By Abigale Miller Medically Reviewed by Pat F. Bass, III, MD, MPH
By making a few simple adjustments to your diet, you can elevate your mood and boost your metabolism. The benefits are potentially huge: Maintaining a good mood will help you stick to a healthy diet, be more productive, and increase your self-esteem.
Metabolism is the process your body uses to break down food. “Ensuring your metabolism is working most effectively will help you feel your best and energized to get the most out of life,” explains Nicole Berkowitz, RD, a nutrition consultant in Toronto, Canada.
Here are six simple tips to help you optimize your diet to boost mood and metabolism.
1. Resist Skipping Meals
Skipping or missing a meal can cause a dip in your blood sugar, leading to crankiness and lethargy. Maintain your blood sugar levels, and your energy, by eating small amounts of food throughout the day. You might even prefer eating six smaller meals rather than three large ones.
2. Stay Hydrated
Dehydration can also make you feel sluggish and lethargic. Be sure to drink throughout the day, and don’t rely on thirst alone to remind you to have another glass of water. Some experts say the average person needs about eight glasses of water, and that may be hard to drink without reminders.
3. Think Moderation, Especially for Low-Nutrient Foods
Avoid a lot of caffeine, refined carbohydrates (sugar), alcohol, salt, and other food additives. Any of these, especially in large amounts, can decrease your metabolic efficiency. “Eating large quantities of carbohydrates tends to cause an energy rush and then a big crash, which can lead to crankiness and fatigue,” says Heidi McIndoo, MS, RD, a nutrition consultant in Roslindale, Mass. Excess salt can disrupt your fluid balance, changing your daily water needs, not to mention increasing health risks like high blood pressure.
4. Strive for Balance in the Food You Eat
Properly combine protein, carbohydrates, and fat to achieve a balanced energy intake. In general, a healthy diet includes a mix of whole grains, fruits and vegetables, and some protein, but each person has individual needs based on age, sex, physical activity level, body size, and stress factors. To determine the best foods for you, consult a nutritionist who can help you find the right balance.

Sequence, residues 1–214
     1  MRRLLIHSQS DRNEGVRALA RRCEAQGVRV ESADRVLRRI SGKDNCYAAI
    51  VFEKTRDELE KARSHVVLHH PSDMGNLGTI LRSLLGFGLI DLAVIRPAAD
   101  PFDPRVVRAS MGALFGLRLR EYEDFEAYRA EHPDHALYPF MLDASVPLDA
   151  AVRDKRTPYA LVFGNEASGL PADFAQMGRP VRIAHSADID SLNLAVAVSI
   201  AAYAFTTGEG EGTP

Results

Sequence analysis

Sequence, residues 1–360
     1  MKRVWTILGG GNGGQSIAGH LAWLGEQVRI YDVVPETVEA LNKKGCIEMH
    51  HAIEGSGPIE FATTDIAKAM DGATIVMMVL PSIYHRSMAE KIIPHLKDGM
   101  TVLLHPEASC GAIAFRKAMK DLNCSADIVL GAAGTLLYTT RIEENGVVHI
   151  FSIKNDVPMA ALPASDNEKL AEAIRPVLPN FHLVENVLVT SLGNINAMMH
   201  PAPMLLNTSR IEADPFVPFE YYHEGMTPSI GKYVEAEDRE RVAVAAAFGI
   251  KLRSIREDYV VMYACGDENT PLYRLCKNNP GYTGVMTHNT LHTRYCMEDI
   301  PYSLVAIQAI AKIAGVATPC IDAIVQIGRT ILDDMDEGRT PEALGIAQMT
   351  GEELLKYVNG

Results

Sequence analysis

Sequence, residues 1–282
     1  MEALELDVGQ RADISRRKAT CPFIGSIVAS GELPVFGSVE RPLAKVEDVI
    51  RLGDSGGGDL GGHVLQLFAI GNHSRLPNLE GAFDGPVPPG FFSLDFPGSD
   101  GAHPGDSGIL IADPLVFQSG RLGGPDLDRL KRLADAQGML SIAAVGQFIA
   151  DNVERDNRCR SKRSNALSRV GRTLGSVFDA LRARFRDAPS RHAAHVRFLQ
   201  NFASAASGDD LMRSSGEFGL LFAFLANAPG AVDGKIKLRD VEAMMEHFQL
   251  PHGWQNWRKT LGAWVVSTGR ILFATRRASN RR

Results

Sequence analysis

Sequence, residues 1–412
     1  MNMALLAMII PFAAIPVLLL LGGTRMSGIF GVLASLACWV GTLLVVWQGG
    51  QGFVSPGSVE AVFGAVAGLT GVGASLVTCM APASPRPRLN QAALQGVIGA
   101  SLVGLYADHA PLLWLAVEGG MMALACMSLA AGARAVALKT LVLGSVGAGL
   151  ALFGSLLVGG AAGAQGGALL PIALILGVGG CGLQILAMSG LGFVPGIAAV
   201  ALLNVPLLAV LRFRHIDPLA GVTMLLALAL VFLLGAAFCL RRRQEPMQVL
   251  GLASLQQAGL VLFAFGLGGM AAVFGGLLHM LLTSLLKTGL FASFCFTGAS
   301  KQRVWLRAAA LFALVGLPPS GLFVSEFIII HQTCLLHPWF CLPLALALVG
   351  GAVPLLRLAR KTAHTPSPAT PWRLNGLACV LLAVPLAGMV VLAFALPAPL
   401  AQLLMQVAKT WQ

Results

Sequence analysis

5. Get a Boost From “Good Mood” Food
While research about the mood- and metabolism-boosting qualities of certain foods is mixed, foods high in the amino acid tryptophan have been found to increase serotoninlevels in the brain, contributing to feelings of optimism and calm. Add some bananas, avocados, dried apricots, walnuts, sunflower seeds, or pumpkin seeds for some extra tryptophan. Polyunsaturated omega-3 fats help elevate mood and reduce anxiety and depression. Look for omega-3-rich fish, like salmon and mackerel; walnuts and pumpkin seeds are also sources of these healthy fatty acids.
6. Keep a Food Diary
Some foods can have the opposite effect of tryptophan and instead trigger negative changes in mood and cause irritability or headaches. If you think a particular food might be affecting your mood, start a food diary. Record all the foods you eat each day and how you feel before and after every meal. After two weeks, review your entries to see if any foods line up with specific moods, either good or bad.
In addition to following a healthy diet, regular exercise will keep your body working most effectively and will augment both your mood and metabolism. The key message here is balance. A variety of healthy foods with a dose of exercise will help you maintain your energy, speed up your metabolism, and boost your mood.